1. Heifetz, Hendl (cond.), Chicago Symphony Orchestra (1959)
2. Lin, Salonen (cond.), Philharmonia Orchestra (1987)
3. Neveu, Susskind (cond.), Philharmonia Orchestra (1945)
1. Knappertsbusch (cond.), London, Talvela, Hotter, Thomas, Neidlinger, Dalis, Bayreuth Festival Orchestra & Chorus (1962)
2. Karajan (cond.), Van Dam, Von Halem, Moll, Hofmann, Nimsgern, Vejzovic, Berlin Philharmonic Orchestra, Deutschen Oper Berlin Chorus (1980)
Originally Posted by EdwardBast
I'd leave the universe out of it and stick to our solar system, especially since exoplanets are now being discovered at a prodigious and ever accelerating rate. We are in the multiple thousands at this point. Intelligent life is probably as common as dirt out there. It seems not unlikely, therefore, that highly intelligent species with the capacity and desire to create music could number in the thousands or millions in our galaxy alone, let alone in the universe as a whole. So, the question I would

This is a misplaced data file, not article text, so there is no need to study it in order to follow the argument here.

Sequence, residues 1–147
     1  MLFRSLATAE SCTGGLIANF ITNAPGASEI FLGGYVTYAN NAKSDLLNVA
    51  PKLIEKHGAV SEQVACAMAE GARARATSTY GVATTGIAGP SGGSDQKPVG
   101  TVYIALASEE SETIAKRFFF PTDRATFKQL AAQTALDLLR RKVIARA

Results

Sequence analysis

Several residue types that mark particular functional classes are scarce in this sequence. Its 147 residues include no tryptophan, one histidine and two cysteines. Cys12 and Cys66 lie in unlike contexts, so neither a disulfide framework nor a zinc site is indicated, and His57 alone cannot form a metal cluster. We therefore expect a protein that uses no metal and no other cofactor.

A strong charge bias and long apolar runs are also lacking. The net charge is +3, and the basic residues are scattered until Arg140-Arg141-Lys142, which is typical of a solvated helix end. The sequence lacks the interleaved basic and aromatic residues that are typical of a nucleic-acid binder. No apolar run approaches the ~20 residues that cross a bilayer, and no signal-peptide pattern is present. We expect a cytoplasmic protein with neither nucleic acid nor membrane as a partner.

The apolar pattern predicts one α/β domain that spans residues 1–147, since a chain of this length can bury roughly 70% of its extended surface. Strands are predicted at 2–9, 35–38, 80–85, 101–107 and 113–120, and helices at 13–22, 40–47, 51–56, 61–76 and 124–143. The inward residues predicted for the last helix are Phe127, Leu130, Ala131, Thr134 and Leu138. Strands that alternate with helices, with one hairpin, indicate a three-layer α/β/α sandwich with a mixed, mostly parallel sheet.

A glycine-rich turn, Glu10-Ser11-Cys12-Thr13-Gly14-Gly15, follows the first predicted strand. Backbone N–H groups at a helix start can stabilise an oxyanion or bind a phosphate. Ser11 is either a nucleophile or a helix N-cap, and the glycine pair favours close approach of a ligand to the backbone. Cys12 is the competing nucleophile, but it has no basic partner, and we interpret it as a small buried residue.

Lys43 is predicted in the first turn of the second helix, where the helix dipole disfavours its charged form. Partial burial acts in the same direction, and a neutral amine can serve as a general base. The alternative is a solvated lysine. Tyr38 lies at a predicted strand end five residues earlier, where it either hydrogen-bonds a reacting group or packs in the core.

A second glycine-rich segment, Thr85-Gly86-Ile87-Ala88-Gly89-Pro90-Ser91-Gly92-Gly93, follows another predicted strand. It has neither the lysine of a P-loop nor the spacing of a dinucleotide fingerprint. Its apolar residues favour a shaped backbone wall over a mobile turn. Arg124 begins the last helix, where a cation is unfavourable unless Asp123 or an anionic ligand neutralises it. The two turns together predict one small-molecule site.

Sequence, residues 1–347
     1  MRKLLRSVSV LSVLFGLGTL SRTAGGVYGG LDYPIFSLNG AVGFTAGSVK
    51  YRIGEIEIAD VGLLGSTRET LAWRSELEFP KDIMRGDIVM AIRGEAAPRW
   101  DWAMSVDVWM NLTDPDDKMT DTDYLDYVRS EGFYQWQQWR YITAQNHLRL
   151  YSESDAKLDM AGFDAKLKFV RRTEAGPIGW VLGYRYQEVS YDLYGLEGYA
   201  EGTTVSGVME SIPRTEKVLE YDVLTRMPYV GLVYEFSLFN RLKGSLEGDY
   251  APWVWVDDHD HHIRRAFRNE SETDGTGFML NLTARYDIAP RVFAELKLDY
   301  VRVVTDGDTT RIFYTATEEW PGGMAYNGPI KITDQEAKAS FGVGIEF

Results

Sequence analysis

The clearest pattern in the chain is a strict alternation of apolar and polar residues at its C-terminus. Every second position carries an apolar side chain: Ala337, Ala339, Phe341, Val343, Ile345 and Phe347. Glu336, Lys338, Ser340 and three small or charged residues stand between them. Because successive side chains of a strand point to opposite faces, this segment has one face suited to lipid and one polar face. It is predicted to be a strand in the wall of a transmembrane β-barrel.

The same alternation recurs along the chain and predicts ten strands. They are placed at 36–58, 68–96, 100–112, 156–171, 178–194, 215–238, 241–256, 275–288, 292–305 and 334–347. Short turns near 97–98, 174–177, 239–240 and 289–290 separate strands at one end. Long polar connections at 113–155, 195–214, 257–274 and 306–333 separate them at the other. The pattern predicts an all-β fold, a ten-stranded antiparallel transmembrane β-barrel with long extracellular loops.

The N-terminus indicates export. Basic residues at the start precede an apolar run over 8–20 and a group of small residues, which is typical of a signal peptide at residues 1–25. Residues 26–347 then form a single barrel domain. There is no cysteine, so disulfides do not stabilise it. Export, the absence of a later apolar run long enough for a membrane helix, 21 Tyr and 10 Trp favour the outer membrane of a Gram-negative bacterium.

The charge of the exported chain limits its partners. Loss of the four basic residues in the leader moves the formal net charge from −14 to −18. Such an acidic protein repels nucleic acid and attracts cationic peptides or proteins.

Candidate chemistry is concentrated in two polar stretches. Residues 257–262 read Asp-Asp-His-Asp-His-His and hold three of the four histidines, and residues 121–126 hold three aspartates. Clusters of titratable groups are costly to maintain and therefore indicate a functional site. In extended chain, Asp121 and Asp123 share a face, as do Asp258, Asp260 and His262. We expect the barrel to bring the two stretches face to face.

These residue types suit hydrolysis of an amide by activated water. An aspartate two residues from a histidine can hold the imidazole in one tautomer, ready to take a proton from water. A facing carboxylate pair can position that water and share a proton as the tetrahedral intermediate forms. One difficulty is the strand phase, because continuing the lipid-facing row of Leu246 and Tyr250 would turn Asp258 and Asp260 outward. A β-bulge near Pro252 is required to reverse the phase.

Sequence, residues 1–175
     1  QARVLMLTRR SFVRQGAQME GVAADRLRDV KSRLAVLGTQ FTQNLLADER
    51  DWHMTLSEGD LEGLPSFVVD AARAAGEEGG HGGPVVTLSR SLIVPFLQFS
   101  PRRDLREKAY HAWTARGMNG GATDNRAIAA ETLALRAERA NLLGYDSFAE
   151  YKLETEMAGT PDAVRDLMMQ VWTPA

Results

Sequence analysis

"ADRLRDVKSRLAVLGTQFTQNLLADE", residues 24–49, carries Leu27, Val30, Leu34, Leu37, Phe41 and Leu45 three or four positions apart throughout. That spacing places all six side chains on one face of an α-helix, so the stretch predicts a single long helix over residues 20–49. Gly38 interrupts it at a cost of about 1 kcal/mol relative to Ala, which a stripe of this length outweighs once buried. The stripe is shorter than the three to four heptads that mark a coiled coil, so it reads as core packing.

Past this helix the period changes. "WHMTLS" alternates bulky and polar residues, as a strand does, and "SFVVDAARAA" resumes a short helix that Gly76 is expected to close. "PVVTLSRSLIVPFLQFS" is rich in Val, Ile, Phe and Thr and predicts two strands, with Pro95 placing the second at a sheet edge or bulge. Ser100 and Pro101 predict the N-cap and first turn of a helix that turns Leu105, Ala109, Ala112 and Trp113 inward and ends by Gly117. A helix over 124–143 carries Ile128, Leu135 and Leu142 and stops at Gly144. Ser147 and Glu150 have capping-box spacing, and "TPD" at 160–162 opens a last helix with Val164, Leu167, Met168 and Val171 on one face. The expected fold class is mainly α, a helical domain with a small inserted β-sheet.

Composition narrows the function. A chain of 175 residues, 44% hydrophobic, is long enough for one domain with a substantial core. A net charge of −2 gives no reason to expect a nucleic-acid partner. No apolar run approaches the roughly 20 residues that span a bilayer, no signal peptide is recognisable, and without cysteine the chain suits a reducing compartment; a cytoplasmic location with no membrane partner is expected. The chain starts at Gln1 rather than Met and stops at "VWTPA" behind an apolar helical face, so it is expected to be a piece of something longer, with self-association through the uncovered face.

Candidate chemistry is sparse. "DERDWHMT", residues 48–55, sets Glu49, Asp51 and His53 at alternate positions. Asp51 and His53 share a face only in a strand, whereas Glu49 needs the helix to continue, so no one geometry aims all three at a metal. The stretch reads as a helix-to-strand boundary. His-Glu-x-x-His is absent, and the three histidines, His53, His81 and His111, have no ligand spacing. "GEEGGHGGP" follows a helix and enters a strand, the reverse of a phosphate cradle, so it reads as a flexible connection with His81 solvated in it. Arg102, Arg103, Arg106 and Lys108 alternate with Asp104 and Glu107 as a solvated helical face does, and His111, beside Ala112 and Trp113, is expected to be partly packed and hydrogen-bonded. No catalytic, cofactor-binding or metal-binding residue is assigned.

Updated Sep-10-2016 at 06:19 by DiesIraeCX
1. Upshaw, Zinman (cond.), Orchestra of St. Luke's (1988)
2. Steber, Strickland (cond.), Dumbarton Oaks Orchestra (1950)
3. Price, Schippers (cond.), Philharmonia Orchestra (1968)
A yearly tradition, this coming Saturday will be the Last Night at the Proms. I thought it would be appropriate to recycle an old broadcast to illustrate and discuss this special concert and its unique format.
The BBC Proms, or The Henry Wood Promenade Concerts presented by the BBC, is an eight-week summer season of daily orchestral classical music concerts and other events held annually, predominantly in the Royal Albert Hall in central London, England.
Updated Sep-06-2016 at 16:04 by itywltmt